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Requesting application rental insights

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Hey all, While this is not strictly game-related (although the technique in question can be used with games), I hope I'll get some good responses. Does anyone have practical experiences regarding so-called "application rental" method, whereby the application is run wholly on the server but the user interface I/O is routed to the user via the 'net? A good example is MSDN virtual labs, where users can test Visual Studio and other applications running on Microsoft's servers for free. I'm looking to build a server that could support ten or so concurrent client connections, each with their own sandbox in memory and resources. The applications would not be written by my company, but we would be providing remote hosting for them - hence not being able to necessarily use web services for the interaction with the applications. The clients are required to use the latest MSIE for ActiveX/.net compatibility. The hardware can be very top-end if necessary, and will use Windows Server 2003 R2 as the platform. Thanks for any insights!

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The problem is mostly the networking between the user and the server. The internet can be a finicky beast at times, and it's mighty inconvenient for users if some infrastructure-related problem causes the application to not work right.

Make sure you actually test the set-up at full load, with long-haul networking typical of what your customers will use, before you commit to this particular solution.

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Then again, any mission critical application running on a webserver will have the same problem, regardless of the user interface paradigm. Good point though!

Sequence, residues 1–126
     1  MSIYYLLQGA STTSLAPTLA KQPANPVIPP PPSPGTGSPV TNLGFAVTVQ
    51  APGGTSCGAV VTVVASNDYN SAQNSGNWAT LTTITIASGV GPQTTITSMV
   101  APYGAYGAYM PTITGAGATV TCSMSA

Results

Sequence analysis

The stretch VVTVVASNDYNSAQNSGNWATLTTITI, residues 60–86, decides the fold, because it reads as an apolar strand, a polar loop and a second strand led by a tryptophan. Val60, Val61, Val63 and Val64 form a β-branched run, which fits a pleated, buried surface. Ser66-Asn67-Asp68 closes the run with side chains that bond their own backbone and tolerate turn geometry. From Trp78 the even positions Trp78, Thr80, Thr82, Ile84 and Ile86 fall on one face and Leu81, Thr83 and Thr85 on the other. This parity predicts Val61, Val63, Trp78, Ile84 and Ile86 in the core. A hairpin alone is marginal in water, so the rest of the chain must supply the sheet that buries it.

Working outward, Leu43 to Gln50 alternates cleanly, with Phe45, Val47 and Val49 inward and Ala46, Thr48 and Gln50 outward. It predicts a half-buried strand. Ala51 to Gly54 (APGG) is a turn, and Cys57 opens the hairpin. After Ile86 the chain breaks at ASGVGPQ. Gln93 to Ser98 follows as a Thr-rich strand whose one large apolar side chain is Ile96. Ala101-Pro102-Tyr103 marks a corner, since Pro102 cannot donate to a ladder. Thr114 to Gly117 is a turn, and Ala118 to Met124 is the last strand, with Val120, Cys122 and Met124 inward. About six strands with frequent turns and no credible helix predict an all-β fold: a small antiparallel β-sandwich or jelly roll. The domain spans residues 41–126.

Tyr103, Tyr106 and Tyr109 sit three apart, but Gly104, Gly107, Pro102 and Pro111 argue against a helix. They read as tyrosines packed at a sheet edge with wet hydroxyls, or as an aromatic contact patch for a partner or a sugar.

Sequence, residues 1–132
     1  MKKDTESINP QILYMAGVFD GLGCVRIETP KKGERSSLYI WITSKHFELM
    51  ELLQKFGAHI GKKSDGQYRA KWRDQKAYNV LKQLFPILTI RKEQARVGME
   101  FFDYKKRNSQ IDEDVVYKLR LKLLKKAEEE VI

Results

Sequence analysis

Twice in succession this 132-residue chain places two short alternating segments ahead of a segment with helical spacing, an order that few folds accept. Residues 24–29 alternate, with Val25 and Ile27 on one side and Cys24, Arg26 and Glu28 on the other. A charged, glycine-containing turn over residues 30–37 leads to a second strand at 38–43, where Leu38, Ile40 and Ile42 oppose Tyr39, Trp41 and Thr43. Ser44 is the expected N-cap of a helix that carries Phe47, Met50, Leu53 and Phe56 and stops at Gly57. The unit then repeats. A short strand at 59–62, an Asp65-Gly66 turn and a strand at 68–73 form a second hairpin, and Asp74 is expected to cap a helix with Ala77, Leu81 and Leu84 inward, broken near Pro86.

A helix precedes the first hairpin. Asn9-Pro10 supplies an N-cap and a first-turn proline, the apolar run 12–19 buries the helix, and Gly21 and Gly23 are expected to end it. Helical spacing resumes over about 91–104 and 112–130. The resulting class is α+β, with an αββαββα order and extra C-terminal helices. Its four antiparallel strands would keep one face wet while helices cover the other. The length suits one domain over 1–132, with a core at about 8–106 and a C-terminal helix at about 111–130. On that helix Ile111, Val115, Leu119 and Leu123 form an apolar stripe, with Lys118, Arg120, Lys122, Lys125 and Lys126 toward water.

I forgot to mention that we can build dedicated connections if the clients require them - it just costs them a "little" more [wink]

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Since you are using W2K3 anyways, why not leverage their "Terminal Server" and "Disk Quota" technology?

Out of the box, W2K3 gives you Remote Administration which allows two concurrent connections to the server. For more than two, you have to a) Install Terminal SErver and b) buy Client Access Licenses.

Since you want 10 concurrent connections and "I believe" W2K3 comes with 5 CALs bundled, you would only need to buy 5 more and they only run about 100 USD a piece.

Furthermore, using "Disk Quotas", another native W2K3 feature, you can limit the HD footprint that each of your 10 users gets.

Thus, since you are using W2K3 as your OS anyways, this ~500 USD investment frees you up from having to develop this network interface yourself and you can focus exclusively on the application itself.

The only requirement not met is having your own RAM footprint, but depending on what your app does, this may not really be a necessity.

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Guest Anonymous Poster
For a fully separated system, you could use vmware virtual servers, either as a native host or under windows. Each virtual host can have its own operating system, where users can even have administrator privileges. If a user messes up its system, then the software has a web interface for rolling back the state to a previous copy. The latest version supports the new virtualization techologies, so the guest operating systems run on the bare cpu with hardware support.

Viktor

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Thanks for these suggestions. Especially Terminal Server looks promising nowadays - when I last tried it a long while ago, it had some unacceptable problems but they are probably fixed in the last generation.

I'll also check out WMWare. I don't have any experience on it yet, but it would also seem like a good solution judging by a quick glance.

I don't think developing my own network interface would be very practical at this point anyway, because it would cost us much more than the licenses for the aforementioned solutions. We shall only develop the application portal on top of the virtualization platform.

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Just a follow-up - we're going to use Windows 2003 Server R2 running Terminal Server as the platform for our process rental system. Thanks for the other suggestions also!

Happy holidays [smile]

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